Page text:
Better safe than sorryThe risks of contracting the coronavirus indoors are higher compared to outdoors.
As Covid-19 cases double every week in the country, especially in the Kathmandu Valley, more than 430,000 students are preparing to take the grade 12 exams that start on Tuesday. The exams will be held at 4,105 higher secondary schools across the country, and are bound to see a massive movement of teenagers and exam invigilators who will be concerned about their safety as they travel and gather indoors. We should be mindful that this massive gathering is taking place after two big festivals, and government data shows how cases and deaths spiked following the Dashain holidays.
While there are serious concerns that this largest ever indoor gathering of people in the education sector amid the pandemic could be a super-spreader event, officials at the National Examination Board say safety measures are in place to conduct the exams securely, and the examinees needn’t worry about their wellbeing. Earlier this month, Tribhuvan University, which has some 1,100 constituent and affiliated colleges, also published its exam routines for over 415,000 final year students under different faculties, starting December 13.
Similarly, local units across the country are preparing to reopen schools following the government decision to endorse the School Resumption Working Guideline. But as we witnessed last week, when 32 students at a school in Humla tested positive for Covid-19, forcing officials to close all educational institutions in the district, the way ahead is not as convincing as the authorities would like us to believe. The risk levels of contracting the virus are higher, especially in the valley.
Winter is here, and public health agencies worldwide have warned that we have added challenges to contain the spread of the coronavirus. The advent of the flu season, with symptoms similar to that of Covid-19, epidemiologists and scientists warn, increases the risks of contracting the virus as people choose to stay indoors and shut the windows to be warm, minimising the rate of ventilation. This dual-threat of the ‘twindemic’, they say, has the potential to severely impact our fragile situation if public health protocols are not adhered to.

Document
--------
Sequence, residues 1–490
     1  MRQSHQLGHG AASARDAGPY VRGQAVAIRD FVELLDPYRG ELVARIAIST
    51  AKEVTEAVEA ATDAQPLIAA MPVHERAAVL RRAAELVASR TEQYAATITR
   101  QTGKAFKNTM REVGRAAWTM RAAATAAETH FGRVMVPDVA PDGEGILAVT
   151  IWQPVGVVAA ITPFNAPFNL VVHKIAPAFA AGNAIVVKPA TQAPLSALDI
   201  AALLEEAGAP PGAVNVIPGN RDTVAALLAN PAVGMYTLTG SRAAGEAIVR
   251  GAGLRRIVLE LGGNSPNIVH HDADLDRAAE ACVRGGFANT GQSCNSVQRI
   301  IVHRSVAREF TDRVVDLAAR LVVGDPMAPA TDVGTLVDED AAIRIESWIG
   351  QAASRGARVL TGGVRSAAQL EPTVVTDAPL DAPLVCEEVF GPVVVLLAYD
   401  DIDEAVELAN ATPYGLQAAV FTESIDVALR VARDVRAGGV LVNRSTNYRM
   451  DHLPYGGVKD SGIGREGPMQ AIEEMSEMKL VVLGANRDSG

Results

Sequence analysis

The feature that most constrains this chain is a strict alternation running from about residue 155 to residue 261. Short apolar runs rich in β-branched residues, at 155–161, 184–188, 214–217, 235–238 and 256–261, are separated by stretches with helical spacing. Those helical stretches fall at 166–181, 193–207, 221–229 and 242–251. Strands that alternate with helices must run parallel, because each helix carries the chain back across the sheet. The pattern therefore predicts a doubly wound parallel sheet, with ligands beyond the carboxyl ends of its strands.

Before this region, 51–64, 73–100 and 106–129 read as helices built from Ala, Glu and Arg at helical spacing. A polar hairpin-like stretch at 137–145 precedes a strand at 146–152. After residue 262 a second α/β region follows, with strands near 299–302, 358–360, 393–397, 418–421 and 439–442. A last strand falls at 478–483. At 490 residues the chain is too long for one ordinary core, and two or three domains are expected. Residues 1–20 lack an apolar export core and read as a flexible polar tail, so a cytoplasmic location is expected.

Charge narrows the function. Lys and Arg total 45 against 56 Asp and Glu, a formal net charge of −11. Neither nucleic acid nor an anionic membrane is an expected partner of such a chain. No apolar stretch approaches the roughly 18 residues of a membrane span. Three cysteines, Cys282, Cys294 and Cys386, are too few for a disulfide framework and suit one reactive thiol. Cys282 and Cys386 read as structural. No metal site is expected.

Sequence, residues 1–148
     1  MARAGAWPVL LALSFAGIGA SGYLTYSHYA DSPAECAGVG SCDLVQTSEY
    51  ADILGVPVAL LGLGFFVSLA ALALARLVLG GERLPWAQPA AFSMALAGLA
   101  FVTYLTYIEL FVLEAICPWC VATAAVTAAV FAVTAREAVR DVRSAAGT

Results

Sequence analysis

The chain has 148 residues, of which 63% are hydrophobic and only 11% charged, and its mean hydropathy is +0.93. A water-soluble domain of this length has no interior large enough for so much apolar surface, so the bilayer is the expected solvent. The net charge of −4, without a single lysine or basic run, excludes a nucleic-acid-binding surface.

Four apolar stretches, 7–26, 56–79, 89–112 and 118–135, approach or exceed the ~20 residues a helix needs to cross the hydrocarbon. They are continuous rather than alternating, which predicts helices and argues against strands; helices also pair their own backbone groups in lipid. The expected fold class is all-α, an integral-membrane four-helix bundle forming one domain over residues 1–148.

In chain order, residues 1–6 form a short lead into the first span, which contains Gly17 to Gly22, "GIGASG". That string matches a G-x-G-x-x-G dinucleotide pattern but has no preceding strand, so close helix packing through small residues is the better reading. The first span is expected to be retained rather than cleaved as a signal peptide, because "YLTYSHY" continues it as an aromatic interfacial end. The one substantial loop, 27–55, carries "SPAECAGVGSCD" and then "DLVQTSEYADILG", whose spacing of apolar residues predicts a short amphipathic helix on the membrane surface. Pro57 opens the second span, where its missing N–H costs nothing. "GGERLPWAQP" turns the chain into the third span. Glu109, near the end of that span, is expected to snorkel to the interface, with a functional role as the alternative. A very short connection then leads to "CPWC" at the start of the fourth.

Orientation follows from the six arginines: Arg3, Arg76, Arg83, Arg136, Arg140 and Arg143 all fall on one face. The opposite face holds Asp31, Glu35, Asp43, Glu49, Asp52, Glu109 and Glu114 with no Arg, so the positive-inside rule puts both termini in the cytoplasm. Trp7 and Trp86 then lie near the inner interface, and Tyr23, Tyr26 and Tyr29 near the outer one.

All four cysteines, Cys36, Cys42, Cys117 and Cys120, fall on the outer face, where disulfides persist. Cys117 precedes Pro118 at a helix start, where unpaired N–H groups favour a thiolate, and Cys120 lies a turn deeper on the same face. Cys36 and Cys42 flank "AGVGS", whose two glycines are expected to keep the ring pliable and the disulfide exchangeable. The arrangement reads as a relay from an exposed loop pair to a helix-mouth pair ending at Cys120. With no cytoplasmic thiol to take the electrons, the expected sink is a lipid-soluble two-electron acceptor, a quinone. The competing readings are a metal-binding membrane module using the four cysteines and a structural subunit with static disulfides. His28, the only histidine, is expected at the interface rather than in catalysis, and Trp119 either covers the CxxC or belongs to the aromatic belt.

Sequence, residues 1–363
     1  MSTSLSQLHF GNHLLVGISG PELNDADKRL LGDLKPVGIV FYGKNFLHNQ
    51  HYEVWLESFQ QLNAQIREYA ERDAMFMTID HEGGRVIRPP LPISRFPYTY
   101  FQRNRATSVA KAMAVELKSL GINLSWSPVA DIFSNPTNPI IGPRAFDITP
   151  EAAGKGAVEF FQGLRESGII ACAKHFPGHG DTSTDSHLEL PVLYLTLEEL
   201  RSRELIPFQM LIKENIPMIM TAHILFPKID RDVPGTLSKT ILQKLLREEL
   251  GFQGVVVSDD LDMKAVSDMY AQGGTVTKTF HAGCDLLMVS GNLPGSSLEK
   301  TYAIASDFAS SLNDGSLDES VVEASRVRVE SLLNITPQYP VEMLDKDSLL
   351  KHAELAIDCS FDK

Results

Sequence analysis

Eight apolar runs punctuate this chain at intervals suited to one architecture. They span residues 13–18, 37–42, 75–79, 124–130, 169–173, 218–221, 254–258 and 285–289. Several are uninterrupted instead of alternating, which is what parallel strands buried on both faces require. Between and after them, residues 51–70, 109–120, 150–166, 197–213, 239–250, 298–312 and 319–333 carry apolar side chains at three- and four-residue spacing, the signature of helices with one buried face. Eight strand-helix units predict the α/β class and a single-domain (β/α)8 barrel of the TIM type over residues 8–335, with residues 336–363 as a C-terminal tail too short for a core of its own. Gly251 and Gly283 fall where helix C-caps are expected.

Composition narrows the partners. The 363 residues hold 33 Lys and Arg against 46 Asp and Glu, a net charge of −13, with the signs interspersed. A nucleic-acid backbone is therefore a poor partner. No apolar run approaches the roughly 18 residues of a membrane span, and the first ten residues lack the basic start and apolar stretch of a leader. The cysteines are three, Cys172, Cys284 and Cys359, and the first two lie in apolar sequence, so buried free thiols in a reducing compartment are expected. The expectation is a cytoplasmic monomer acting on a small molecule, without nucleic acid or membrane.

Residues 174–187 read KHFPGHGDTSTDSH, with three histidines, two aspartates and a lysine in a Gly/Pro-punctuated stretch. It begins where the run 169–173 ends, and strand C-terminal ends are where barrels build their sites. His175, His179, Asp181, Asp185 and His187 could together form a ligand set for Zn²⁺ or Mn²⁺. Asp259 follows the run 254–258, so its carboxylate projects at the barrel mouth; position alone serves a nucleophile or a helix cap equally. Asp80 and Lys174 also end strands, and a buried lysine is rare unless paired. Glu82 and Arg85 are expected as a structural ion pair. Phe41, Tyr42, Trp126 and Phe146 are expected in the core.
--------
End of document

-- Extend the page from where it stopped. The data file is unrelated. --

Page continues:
Given our situation, opening schools and conducting sit-in examinations would mean thousands of students and teachers will congregate in classrooms for a prolonged period. Science is clear that this is not safe, and based on this very premise, academic institutions were closed to avoid exposure. Multiple research on the transmission of the virus has discovered that it is particularly persistent in colder temperatures. Respiratory droplets through which the virus primarily spreads have also been found to travel longer distances than the recommended precautionary measure of six-foot physical distancing.
The risks of contracting the coronavirus in an indoor setting, researchers say, are thus higher compared to outdoors. The recent increase in the proportion of older people among new infections in the country is also a possible instance of indoor transmission that should alarm the government and the public. Recent data shows that infection among the highly vulnerable 60-plus age group has more than doubled to 8.1 percent by November 19 compared to 3.9 percent by August 27.
The government cannot gamble with people’s lives. While examinations and resuming schools are necessary, we cannot proceed with foolhardy decisions that jeopardise the health, safety and welfare of the people. A clear assessment by the government and stakeholders, therefore, is necessary before taking any decision that impacts all our lives. Meanwhile, we need to adapt and explore proven alternatives to impart education and conduct examinations in modified formats as practised by universities elsewhere.
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